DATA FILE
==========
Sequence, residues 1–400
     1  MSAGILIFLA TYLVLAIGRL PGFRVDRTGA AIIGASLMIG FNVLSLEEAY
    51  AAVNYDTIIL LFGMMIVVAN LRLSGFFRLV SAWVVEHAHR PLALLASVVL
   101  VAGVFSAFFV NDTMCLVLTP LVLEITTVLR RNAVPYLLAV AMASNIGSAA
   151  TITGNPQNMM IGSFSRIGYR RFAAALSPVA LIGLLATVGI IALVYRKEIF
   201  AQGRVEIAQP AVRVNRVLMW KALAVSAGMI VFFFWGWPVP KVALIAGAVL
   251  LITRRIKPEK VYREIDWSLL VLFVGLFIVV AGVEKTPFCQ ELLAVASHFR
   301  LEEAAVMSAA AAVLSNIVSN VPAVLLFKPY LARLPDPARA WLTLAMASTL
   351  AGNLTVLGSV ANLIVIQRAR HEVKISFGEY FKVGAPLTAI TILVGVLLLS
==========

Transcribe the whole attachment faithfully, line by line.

Sequence, residues 1–400
     1  MSAGILIFLA TYLVLAIGRL PGFRVDRTGA AIIGASLMIG FNVLSLEEAY
    51  AAVNYDTIIL LFGMMIVVAN LRLSGFFRLV SAWVVEHAHR PLALLASVVL
   101  VAGVFSAFFV NDTMCLVLTP LVLEITTVLR RNAVPYLLAV AMASNIGSAA
   151  TITGNPQNMM IGSFSRIGYR RFAAALSPVA LIGLLATVGI IALVYRKEIF
   201  AQGRVEIAQP AVRVNRVLMW KALAVSAGMI VFFFWGWPVP KVALIAGAVL
   251  LITRRIKPEK VYREIDWSLL VLFVGLFIVV AGVEKTPFCQ ELLAVASHFR
   301  LEEAAVMSAA AAVLSNIVSN VPAVLLFKPY LARLPDPARA WLTLAMASTL
   351  AGNLTVLGSV ANLIVIQRAR HEVKISFGEY FKVGAPLTAI TILVGVLLLS